If Congress doesnt agree to a proposed Base Realignment and Closure Commission, it doesnt mean Robins Air Force Base is safe, retired Maj. Gen. Robert McMahon said Thursday.
McMahon, president of the 21st Century Partnership, told members at the groups quarterly meeting that even without a BRAC, the Air Force still will have 24 percent excess infrastructure and a need to drastically cut spending.
He said the base could face a stealth BRAC in which the Air Force might decide to cut or move units on its own.
Its not prudent to wipe our brow and say we missed a bullet, he said. If there isnt a BRAC, then the services are going to have to find other ways to absorb those reductions. Theres a variety of different ways of describing that, but it is essentially a death by a thousand cuts. So what you will begin to see is a reduction in missions and a reduction in personnel.
As an example of what can happen even without a BRAC, McMahon said last year the base nearly lost one of its most storied units and 500 jobs that go with it. When the Air Force decided to cut one of its two combat communications units, it initially wanted to eliminate the 5th Combat Communications Group at Robins.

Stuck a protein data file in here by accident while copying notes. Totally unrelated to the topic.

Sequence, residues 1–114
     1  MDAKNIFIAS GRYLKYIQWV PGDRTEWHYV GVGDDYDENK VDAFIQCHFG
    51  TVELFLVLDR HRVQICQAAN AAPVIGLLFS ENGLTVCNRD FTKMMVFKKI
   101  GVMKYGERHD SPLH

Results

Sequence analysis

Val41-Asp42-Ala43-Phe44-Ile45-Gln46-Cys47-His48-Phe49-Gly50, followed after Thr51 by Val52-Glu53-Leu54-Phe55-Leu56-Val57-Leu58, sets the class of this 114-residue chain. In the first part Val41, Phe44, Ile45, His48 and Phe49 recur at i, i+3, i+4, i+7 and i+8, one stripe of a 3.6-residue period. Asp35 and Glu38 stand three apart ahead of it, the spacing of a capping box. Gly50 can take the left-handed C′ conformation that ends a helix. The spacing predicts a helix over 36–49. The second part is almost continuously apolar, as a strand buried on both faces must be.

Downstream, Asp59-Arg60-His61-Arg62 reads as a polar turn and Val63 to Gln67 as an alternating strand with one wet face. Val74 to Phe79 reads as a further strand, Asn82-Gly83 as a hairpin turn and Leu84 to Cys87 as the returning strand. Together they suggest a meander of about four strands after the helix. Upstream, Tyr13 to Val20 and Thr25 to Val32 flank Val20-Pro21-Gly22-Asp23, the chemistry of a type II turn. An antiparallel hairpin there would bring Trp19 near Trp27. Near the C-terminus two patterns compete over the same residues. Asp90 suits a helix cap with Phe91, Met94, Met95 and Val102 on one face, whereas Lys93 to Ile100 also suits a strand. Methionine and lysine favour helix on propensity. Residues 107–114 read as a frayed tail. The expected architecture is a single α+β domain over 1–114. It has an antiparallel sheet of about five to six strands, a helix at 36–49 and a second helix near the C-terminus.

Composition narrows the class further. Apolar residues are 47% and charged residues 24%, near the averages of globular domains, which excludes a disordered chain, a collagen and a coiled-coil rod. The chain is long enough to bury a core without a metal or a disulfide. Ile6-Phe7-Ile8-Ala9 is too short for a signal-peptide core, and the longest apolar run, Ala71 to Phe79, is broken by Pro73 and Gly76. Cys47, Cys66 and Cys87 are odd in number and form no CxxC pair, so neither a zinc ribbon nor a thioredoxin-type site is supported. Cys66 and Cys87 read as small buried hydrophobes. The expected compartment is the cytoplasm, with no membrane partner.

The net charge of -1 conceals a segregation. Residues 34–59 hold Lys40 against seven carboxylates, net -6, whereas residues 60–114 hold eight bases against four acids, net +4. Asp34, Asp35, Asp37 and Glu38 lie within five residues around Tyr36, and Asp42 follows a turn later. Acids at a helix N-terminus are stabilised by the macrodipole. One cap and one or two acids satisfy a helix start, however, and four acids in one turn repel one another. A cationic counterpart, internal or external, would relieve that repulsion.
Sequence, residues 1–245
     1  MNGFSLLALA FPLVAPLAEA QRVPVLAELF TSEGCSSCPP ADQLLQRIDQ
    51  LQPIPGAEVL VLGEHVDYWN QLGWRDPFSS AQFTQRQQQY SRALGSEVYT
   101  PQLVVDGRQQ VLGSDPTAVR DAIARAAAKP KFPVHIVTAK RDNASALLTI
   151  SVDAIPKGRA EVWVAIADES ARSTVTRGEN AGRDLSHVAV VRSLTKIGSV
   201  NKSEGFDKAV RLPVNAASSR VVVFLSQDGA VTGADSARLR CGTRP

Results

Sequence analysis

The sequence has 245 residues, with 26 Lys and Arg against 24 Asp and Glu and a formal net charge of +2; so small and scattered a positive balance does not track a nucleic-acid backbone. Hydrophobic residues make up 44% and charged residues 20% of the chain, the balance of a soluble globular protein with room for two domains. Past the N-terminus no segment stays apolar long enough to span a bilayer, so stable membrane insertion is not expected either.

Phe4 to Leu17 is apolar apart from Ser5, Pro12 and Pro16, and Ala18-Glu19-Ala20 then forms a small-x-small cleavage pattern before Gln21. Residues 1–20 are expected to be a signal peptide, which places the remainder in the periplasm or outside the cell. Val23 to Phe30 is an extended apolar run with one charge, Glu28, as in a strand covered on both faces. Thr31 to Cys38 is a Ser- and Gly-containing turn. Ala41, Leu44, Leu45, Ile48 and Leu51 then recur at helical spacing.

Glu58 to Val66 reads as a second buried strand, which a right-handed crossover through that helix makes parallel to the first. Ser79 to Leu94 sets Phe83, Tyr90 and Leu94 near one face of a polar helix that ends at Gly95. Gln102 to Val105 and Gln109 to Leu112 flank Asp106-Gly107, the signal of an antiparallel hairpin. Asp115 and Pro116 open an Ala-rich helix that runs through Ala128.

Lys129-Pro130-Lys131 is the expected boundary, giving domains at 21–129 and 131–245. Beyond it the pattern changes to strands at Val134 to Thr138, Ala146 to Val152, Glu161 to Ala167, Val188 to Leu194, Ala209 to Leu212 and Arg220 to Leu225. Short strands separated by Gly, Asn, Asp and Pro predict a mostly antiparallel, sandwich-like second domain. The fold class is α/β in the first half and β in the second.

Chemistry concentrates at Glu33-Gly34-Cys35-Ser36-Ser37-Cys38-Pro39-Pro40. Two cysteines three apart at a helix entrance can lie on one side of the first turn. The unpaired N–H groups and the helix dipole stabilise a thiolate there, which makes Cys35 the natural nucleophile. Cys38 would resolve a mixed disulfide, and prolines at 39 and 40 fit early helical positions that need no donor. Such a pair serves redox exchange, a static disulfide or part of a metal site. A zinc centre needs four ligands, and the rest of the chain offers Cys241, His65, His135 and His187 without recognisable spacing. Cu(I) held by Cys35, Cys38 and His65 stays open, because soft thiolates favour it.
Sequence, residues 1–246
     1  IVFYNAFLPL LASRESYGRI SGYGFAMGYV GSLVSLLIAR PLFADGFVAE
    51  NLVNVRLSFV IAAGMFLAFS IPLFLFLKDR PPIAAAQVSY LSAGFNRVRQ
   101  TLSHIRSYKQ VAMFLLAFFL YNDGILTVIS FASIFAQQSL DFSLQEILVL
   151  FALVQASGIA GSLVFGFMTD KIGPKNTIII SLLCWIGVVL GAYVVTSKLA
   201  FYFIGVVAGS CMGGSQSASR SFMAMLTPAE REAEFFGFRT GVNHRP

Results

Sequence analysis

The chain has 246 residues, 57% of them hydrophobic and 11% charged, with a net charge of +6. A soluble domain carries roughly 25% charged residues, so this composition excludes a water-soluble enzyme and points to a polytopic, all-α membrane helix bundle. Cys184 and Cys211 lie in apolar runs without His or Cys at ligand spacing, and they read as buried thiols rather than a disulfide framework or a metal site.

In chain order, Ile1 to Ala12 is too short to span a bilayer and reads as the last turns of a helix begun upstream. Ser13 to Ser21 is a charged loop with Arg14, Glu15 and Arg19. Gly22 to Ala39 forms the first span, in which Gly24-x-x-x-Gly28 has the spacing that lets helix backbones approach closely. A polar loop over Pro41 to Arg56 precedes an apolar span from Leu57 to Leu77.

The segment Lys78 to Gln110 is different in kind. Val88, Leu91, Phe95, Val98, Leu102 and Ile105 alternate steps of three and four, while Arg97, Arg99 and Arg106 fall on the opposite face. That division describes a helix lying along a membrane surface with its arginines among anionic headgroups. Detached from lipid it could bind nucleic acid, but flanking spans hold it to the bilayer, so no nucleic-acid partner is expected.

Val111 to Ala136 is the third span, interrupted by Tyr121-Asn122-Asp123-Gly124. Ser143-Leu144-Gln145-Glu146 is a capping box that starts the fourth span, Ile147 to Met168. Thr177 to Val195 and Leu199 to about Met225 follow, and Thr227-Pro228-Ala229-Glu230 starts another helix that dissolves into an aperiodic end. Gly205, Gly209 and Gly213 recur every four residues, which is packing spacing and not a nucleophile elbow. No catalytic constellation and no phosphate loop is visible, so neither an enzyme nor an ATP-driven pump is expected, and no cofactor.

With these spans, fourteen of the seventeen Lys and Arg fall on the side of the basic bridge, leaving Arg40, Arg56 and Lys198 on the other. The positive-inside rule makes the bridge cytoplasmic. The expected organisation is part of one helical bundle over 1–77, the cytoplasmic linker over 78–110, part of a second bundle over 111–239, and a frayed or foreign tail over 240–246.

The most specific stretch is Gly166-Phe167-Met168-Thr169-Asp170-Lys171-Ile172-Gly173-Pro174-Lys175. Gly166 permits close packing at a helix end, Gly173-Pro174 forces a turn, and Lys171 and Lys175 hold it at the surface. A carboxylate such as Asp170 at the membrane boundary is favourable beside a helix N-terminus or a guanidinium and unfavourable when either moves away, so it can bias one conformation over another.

But the 21st Century Partnership lobbied against it, and the Air Force instead cut the 3rd Combat Communications Group at Tinker Air Force Base in Oklahoma City.
McMahon said he wasnt judging whether a BRAC is better than a stealth BRAC, but he seemed to suggest it could be the lesser of two evils. A BRAC, he said, would be an open and structured process with a chance to appeal any decisions. Without a BRAC, the Department of Defense would just make the decisions on its own.
If we do it as existing today without a BRAC, there is no appeal process, he said. Given the choice between that and what I would call a stealth BRAC, it may be better for us as a community to go through a BRAC process. Ultimately there has to be BRAC to eliminate some of the excess infrastructure throughout the Department of Defense.
The presidents budget for the upcoming fiscal year includes $2.4 billion for a BRAC process, but the House Armed Services Committee approved by a 59-2 vote Thursday a defense spending bill that prohibits a BRAC, according to an email from 8th District Rep. Austin Scott, a Republican from Ashburn who serves on the committee.
At one point, the 21st Century Partnership meeting -- held for the first time at the Anderson Conference Center in Macon -- took on somewhat of a church revival tone after McMahons comments. Members questioned whether Middle Georgians in general were aware of the threat Robins could be facing. They also touted the importance of raising money for the partnerships war chest and getting more people involved with the partnership.
To contact writer Wayne Crenshaw, call 256-9725.